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Formal Analysis – Kustom Kar Kommandos – The Gaze

Kustom Kar Kommando

http://www.youtube.com/watch?v=9EP6T_9DXhA

 

Kustom Kar Kommandos was a short clip made by Kenneth Anger with the hopes of raising money for his other movies. The three minute clip was originally supposed to be used in a series of eight, thirty minute movies about jocks or hot-rods (as some critics call them) fromCaliforniathat were obsessed with cars. At first glance this movie may seem awkward, to a male member of the audience such as myself. It portrays a man in tight, light blue pants that continuously caresses his car with a fur ball. It seems that there are hardly any elements of theHollywood”male gaze”, but actually incorporate more elements of the less popularized “female game”.

 

The “male gaze” is characterized by the objectification of women, and in Kustom Kar Kommandos there is a lack of feminine characters. It can be argued that the man in this video has female characteristics and they can be explained by the historical background that surrounded the era that this video was made in. The age of the “flower children” that hitAmericaduring the late 60’s into the early 70’s explains the attitude that both men and women adapted in regard to being open to the opposite genders’ clothing and behavior. For example, many men grew long hair and dressed in colorful clothing that today would be laughed at if wore on a daily basis. Same goes for women. I would just like to clear up ┬áthat the reference to “flower children” refers to the hippies. Now that I’ve given a small background to the time in which the movie was made, I can say that most women enjoyed this age because it was open and gave way to the feeling of love. This may be a little far-fetched to say this, however this may be the time when the whispers of the “female gaze” have been heard, but not by everyone. Even to this day it may be misinterpreted or unseen.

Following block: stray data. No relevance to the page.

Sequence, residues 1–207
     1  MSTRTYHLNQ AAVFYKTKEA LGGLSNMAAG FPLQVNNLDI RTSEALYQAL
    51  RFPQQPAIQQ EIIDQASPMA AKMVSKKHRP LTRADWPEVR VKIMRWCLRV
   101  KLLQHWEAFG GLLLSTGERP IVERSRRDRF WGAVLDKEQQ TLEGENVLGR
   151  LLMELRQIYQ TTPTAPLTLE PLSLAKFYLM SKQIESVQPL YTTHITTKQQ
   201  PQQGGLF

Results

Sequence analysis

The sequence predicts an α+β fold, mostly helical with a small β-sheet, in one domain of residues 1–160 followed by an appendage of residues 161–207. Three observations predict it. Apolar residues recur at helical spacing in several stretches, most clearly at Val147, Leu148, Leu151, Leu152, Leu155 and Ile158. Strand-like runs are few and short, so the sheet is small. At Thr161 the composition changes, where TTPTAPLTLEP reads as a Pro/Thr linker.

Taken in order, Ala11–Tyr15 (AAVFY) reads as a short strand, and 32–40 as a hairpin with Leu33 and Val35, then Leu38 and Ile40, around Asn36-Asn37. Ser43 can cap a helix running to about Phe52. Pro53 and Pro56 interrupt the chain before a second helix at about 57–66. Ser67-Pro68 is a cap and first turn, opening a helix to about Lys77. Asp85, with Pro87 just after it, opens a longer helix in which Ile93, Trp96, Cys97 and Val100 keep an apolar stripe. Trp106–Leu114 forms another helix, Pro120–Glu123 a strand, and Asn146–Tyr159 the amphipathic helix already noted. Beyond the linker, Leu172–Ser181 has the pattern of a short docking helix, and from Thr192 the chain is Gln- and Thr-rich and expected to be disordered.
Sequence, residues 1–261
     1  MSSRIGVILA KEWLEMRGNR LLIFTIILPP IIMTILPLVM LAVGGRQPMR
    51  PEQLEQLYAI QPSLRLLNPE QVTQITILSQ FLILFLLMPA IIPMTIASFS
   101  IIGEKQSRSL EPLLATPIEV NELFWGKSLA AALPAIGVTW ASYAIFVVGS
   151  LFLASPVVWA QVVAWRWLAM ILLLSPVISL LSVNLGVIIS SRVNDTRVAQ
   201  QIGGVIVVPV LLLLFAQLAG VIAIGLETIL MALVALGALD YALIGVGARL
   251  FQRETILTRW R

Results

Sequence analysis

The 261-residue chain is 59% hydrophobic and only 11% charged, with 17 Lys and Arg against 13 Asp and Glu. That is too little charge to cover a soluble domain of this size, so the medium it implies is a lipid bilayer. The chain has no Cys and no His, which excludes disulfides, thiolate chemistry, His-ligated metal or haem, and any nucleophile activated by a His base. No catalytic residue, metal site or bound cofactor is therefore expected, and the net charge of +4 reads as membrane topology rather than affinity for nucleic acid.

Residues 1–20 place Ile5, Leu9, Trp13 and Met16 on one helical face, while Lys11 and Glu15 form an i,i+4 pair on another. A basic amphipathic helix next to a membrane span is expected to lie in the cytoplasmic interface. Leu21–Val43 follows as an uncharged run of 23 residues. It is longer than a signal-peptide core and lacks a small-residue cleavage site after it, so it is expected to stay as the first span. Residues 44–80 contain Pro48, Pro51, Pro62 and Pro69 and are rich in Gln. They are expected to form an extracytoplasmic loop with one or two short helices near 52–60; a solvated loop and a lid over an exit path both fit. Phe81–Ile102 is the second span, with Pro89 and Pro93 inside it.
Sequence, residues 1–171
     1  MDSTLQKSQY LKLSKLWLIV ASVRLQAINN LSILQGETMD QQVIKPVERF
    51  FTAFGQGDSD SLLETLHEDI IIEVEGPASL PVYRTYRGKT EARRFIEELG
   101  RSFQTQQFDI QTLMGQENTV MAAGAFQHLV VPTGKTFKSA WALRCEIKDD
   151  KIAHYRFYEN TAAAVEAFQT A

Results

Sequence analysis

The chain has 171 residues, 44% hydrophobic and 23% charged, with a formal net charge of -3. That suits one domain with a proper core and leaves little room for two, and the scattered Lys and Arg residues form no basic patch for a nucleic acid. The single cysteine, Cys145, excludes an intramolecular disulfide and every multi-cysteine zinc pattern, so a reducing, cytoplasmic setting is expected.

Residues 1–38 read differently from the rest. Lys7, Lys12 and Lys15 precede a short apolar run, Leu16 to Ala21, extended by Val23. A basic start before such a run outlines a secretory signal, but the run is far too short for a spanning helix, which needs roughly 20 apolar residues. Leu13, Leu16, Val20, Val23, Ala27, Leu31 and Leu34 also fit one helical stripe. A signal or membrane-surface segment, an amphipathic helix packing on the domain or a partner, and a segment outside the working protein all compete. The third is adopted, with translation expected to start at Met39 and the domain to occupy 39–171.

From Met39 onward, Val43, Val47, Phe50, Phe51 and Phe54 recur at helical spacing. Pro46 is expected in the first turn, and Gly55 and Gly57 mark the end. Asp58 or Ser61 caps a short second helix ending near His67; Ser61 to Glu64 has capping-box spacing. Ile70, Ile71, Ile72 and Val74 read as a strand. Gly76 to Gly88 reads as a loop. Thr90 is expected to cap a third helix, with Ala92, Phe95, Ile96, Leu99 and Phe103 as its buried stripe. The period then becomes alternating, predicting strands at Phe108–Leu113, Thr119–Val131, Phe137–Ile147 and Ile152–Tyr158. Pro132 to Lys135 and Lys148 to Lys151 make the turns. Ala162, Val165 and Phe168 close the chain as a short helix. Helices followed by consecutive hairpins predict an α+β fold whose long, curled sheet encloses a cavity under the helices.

The provocative, flamboyant colors, slow motion caressing of the pink car, and a man with tight clothing are all features that made up a woman’s dream man during that time. On top of these dreamy characteristics, the background is a white to pink color ramp (color spectrum fades from really white at top to pink at bottom) that further emphasizes the flamboyance of the setting. The slow rubbing of the car with a fur ball can be widely interpreted. It can be seen as a sign of caring, something that the “flower children” adored, especially the women, due to the widespread feeling of “love” during this time. The dreamy visual effects and cinematography with the slow camera pans are all well done, but can’t be connected coherently. The music that plays for about two minutes in this entire clip does an excellent job of connecting every single “dreamy” feature in a woman’s mind.

 

The song “Dream Lover” by the Paris Sisters fits with the excellent cinematography on Kenneth Anger’s part. As the music changes beats, or has stops in it, the camera pans slowly or there are cuts to different shots.